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John Adams Paperback – 15 Jul 2002
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Gordon S. Wood The New York Review of Books By far the best biography of Adams ever written...McCullough's special gift as an artist is his ability to re-create past human beings in all their fullness and all their humanity. In John and Abigail he has found characters worthy of his talent.
Walter Isaacson Time A masterwork of storytelling.
Michiko Kakutani The New York Times Lucid and compelling...[Written] in a fluent narrative style that combines a novelist's sense of drama with a scholar's meticulous attention to the historical record.
Marie Arana The Washington Post McCullough is one of our most gifted living writers.
A biography of the extraordinary man who became the second president of the United States, this book traces John Adams' adventurous life and spirited rivalry with Thomas Jefferson, and encompasses both the American Revolution and the birth of the young republic. David McCullough describes the childhood, youth and coming of age of Adams, the fiercely driven Massachusetts farmer-lawyer whose marriage to Abigail is one of the great real-life love stories. He also tells the story of his lifelong rival Thomas Jefferson, the Virginia planter and slave-owner. Through their lives, McCullough explores the extraordinary factors that transformed 13 colonies into a united nation that eventually brought these two distinctly dissimilar men to the presidency.See all Product description
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As McCullough's writes in the introduction, "John Adams was a lawyer and a farmer, a graduate of Harvard College, the husband of Abigail Smith Adams, the father of four children. He was forty years old and he was a revolutionary." Why was that so? The biography reveals a man passionate about virtue and liberty, a man who would never give up the fight, and a man who was the real driver of independence. When people think of the fight for independence, they naturally bring to mind Washington, Jefferson, and Franklin - but it was Adams who was the driving force.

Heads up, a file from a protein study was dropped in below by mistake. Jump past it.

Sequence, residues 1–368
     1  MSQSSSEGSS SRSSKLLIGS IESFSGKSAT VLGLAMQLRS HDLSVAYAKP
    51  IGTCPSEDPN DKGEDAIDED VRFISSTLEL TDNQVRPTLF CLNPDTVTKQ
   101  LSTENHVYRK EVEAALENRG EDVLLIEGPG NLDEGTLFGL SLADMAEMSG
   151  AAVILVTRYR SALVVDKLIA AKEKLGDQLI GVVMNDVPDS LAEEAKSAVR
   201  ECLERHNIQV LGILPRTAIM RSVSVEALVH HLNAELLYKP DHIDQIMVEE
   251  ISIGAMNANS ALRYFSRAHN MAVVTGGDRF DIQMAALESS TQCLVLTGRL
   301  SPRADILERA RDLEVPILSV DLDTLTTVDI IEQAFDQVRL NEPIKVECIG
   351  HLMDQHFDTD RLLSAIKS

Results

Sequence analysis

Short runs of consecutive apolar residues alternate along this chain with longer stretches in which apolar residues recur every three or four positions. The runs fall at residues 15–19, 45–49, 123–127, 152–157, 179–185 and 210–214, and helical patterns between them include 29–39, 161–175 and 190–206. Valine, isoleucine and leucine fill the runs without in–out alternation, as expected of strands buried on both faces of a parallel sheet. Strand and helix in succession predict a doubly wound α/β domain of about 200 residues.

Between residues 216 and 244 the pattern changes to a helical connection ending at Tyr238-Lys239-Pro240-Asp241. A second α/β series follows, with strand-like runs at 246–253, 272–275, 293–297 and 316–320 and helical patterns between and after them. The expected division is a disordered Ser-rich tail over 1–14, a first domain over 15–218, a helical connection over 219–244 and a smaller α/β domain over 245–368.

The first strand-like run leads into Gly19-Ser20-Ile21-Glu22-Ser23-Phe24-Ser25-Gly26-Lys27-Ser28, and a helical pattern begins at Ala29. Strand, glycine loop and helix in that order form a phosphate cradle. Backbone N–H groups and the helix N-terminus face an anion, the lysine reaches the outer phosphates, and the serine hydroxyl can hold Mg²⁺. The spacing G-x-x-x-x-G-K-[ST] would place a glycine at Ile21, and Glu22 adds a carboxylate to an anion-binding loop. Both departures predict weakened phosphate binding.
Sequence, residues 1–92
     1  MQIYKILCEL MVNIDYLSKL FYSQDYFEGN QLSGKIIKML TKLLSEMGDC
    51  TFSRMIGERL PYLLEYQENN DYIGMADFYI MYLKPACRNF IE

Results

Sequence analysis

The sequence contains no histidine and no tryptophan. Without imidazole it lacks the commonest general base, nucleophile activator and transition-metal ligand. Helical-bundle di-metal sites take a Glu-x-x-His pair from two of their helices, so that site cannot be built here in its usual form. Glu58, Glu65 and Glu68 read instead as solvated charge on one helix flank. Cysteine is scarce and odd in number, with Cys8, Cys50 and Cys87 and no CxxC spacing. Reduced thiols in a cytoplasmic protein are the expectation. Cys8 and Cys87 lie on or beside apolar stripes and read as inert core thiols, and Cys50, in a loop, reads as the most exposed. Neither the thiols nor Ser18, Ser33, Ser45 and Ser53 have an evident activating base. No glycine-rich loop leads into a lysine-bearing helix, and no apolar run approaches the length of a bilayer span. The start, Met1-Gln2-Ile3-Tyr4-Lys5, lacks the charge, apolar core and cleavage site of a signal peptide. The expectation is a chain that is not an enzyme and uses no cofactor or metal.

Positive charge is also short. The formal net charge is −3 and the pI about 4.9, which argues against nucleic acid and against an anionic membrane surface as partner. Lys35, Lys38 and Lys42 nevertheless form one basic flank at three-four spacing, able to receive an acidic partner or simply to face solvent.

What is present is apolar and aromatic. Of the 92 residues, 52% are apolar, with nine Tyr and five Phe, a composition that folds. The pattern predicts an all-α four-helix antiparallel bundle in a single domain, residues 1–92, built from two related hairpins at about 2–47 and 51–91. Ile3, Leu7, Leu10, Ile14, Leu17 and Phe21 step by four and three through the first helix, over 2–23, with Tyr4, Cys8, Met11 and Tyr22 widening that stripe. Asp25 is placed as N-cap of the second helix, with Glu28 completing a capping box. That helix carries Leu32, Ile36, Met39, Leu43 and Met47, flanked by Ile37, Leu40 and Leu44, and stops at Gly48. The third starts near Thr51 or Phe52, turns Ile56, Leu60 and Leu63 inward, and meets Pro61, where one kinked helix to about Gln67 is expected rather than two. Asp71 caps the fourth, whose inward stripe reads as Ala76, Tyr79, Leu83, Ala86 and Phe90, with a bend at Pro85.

I am also glad that I read this book because I was able to see where the truth of Adam's life has been sacrificed for the drama of the TV series: the Hollywood version of history is just as active on America's own as well as the rest of the world's! For example, in the first episode I learn that Captain Preston was actually tried separately from his men, and of the eight soldiers, two were found guilty of manslaughter.
But there are also scenes that should have been in the series but which did not make it, scenes such as Franklin and Adams sharing a bed and arguing over whether the window should be open or closed. David McCullough's clear and highly-readable prose also covers much of the important but undramatic work of Adams, including his drafting of the constitution of his home state, Massachusetts, written whilst back home between time spent as ambassador to Holland and France.It is "the oldest, functioning written constitution in the world."
Much of the series played on Adams's relationship with his wife, and I was glad to see how true it was that they were a meeting of minds in so many ways and had a long and happy marriage, supporting each other and their children, although Adams himself had such high ideals that he was a difficult father to please.
The end came dramatically, like Beethoven, with a thunderstorm. And I still cannot get over how he died on the same day as Thomas Jefferson - and they both died on the fiftieth Fourth of July since independence! How amazing is that?
This is an exceptionally superb biography, one reason from many is that the author paints his scenes with such an abundance of detail that you really feel you are there, and can hear their voices. Just from memory I can now see Adams watching slaves at the new White House with a heaviness in his heart; I can still feel the joy the whole family experienced when John Quincey returned from Russia; or the satisfaction felt by Benjamin Rush when Adams and Jefferson start to correspond again.
So it is much more than just a political biography. This is a work of art, taking us into all that was going in and around the Adams family. And as with all good art while there is no polemic, nevertheless it is impossible not to draw some moral lessons from the lives as they are drawn on the author's canvas.
This is especially true with the contrast between Jefferson and Adams. Adams the hard-working farmer, the faithful husband of Abigail, cautious with money who died with an estate to pass on; Jefferson the extravagant land-owning aristocrat, suspected of having an affair, who died in debt. Adams the enemy of slavery; Jefferson the owner of slaves. And when he died, those slaves had to be sold because of his debts.
It is never stated, but there is no doubt which man the author - with good reason - admires more.
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